Embracing technology such as Facetime next year will lead to happier clients and increased success for advisers, Ken Davy has predicted.
Few industries remain untouched by the advance of technology and its potential to open commercial doors for advisers has been a topic of much debate in recent years.
Mr Davy, the chairman of The SimplyBiz Group, said the use of Facetime was set to "explode" in the advice market.
He said: "What will become ever more necessary will be the need to stay ahead of the game from a technology perspective.
"Again, this was an emerging trend in the 2019 but its importance will accelerate further over the next 12 months.
"Indeed, clients are going to expect you, as their adviser, to be using the latest research and technology to keep them on the right track."
The SimplyBiz boss added: "The tipping point has been reached; if people will readily chat to their grandchildren on Facetime why would they not find it a good way to communicate with their financial adviser?"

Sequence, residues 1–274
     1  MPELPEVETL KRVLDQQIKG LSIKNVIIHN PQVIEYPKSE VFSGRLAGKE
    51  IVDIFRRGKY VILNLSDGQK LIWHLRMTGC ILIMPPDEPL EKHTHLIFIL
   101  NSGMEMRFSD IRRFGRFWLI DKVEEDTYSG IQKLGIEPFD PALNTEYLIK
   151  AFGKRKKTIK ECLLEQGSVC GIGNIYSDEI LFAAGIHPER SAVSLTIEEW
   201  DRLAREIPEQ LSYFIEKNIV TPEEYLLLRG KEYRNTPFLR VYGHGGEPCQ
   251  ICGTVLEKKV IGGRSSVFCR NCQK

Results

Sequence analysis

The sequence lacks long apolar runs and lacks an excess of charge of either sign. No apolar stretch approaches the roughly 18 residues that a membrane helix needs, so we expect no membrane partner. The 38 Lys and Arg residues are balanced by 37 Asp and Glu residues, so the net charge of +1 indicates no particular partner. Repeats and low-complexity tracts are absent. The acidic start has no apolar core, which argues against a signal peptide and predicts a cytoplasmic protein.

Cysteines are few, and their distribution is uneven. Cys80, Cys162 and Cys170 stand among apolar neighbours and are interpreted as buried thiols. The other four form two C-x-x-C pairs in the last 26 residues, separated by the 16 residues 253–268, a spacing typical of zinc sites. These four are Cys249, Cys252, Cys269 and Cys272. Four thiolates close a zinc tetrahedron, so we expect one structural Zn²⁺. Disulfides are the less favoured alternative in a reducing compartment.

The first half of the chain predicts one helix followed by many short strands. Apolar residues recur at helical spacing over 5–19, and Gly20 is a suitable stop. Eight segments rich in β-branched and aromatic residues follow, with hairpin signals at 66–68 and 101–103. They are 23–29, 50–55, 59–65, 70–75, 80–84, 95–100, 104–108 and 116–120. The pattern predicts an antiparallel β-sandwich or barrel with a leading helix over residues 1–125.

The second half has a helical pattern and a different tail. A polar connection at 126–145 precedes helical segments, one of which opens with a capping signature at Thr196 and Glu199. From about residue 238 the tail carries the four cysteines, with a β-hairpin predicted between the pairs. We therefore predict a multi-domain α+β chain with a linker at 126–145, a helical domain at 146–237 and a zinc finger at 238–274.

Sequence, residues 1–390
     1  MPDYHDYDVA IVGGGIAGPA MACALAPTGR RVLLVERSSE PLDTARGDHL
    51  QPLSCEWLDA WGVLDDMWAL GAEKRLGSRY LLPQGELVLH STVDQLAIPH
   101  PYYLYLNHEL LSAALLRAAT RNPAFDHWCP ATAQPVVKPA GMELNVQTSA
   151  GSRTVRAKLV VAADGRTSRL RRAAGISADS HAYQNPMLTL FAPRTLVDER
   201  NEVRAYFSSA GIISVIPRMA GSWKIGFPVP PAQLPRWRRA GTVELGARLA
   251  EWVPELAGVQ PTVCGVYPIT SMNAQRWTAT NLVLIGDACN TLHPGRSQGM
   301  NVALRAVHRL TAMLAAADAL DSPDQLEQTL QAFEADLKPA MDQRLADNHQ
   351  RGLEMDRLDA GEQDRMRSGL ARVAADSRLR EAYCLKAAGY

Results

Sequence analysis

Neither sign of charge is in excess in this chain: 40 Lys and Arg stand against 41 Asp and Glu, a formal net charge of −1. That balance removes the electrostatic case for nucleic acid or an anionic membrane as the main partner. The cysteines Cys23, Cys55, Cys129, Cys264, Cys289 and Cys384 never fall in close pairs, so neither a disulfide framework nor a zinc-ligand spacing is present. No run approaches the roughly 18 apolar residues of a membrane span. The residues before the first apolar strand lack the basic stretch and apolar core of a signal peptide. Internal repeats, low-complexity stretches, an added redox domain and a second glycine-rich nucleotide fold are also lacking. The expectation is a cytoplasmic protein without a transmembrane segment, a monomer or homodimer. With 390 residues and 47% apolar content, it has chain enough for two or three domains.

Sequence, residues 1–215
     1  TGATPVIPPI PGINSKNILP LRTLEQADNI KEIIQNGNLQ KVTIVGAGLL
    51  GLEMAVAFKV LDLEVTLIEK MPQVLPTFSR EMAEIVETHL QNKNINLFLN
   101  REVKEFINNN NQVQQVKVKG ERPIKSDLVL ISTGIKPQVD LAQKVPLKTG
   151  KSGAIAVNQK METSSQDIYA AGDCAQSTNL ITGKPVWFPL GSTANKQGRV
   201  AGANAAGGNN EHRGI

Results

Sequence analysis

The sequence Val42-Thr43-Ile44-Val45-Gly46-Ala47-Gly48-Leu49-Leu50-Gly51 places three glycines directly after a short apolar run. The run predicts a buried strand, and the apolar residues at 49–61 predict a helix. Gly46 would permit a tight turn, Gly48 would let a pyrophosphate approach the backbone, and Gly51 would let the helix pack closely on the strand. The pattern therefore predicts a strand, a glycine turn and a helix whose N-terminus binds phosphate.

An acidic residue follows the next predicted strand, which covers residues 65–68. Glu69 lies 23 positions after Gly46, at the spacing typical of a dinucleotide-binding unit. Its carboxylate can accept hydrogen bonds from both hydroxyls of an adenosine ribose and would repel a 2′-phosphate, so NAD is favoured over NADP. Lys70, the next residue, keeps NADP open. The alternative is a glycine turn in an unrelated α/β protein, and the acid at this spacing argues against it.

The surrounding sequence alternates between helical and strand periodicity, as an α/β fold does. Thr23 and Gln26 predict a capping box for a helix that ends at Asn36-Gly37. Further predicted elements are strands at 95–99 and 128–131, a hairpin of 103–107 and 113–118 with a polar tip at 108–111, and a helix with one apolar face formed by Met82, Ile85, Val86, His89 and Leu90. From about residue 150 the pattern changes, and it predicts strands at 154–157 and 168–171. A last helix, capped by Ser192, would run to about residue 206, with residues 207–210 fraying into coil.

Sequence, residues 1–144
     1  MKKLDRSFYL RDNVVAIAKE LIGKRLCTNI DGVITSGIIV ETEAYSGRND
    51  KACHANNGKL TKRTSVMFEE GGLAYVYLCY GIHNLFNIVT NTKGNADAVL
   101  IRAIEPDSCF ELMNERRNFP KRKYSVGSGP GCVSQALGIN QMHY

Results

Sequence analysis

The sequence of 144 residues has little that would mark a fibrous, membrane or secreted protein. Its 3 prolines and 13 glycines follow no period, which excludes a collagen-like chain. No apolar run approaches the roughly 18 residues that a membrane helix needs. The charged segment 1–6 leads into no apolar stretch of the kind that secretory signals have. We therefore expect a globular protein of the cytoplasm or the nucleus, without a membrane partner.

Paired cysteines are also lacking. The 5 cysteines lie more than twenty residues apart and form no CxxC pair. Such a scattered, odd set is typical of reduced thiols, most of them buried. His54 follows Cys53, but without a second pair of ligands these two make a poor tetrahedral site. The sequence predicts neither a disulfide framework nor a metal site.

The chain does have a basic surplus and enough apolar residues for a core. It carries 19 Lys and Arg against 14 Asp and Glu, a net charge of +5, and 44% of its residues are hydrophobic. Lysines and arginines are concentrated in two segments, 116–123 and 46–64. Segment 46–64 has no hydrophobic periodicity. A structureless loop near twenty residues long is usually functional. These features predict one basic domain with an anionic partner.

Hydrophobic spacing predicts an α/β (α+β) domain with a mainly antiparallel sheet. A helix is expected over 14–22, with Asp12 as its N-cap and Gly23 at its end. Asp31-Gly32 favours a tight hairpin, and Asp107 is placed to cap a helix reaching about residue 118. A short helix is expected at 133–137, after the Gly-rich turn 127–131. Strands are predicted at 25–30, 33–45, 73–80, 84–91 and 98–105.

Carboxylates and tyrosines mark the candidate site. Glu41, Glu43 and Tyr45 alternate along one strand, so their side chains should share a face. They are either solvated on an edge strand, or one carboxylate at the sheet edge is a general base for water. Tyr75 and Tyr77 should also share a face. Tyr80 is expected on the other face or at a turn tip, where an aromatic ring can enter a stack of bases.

Speaking with clients over Facetime will become as normal as communicating over the telephone, Mr Davy said.
The advice industry globally has shown resistance to diverging from face-to-face client meetings, a reluctance which was also found to be true of video calls, in research collected by US-based Hartford Funds last year.
In a survey of 116 financial advisers in the US 73 per cent cited face-to-face as their favoured method of communication with clients, while only 12 per cent of advisers found video options, such as Skype and Facetime, useful.
But Mr Davy said: "Obviously, it will not replace those important early meetings where relationships are built for a lifetime.
"For general reviews and other conversations, however, video calls will prove ideal and the time saved for you and your clients will be invaluable.
"The result will be happier clients, whilst you will be able to use the time saved to serve more clients and increase your own success."
Earlier this year a white paper published by software company Intelliflo found adviser firms which had embraced technology as a means to boost efficiency had increased their repeat business by a third.
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